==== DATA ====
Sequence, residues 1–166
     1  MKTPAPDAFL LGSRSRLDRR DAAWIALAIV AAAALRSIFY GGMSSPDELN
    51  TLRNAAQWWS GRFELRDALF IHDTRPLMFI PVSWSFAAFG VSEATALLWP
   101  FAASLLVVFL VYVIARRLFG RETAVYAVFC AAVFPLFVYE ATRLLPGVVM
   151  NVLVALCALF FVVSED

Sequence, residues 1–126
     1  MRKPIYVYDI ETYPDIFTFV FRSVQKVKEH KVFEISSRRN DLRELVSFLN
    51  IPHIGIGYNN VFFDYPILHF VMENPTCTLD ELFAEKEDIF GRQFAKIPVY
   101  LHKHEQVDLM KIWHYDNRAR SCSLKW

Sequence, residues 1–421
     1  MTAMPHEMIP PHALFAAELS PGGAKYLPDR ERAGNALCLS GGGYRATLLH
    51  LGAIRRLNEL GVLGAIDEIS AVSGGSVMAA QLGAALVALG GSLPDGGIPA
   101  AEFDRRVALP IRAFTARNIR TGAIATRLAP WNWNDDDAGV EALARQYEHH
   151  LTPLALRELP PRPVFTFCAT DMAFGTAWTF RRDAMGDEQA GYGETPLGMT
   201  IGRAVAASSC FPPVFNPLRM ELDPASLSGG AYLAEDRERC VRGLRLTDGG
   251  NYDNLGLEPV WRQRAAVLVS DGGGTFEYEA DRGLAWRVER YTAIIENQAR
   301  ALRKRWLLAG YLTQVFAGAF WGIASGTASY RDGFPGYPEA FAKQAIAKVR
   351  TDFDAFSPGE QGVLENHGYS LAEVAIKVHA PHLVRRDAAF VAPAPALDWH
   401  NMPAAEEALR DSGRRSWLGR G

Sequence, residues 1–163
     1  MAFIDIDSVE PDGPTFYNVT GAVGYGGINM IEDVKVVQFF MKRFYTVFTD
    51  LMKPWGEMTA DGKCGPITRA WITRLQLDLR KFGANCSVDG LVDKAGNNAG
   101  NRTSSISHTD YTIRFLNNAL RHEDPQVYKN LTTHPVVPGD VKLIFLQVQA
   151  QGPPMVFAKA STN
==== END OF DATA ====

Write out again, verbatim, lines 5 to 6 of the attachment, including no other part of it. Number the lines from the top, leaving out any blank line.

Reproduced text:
   151  NVLVALCALF FVVSED

Sequence, residues 1–126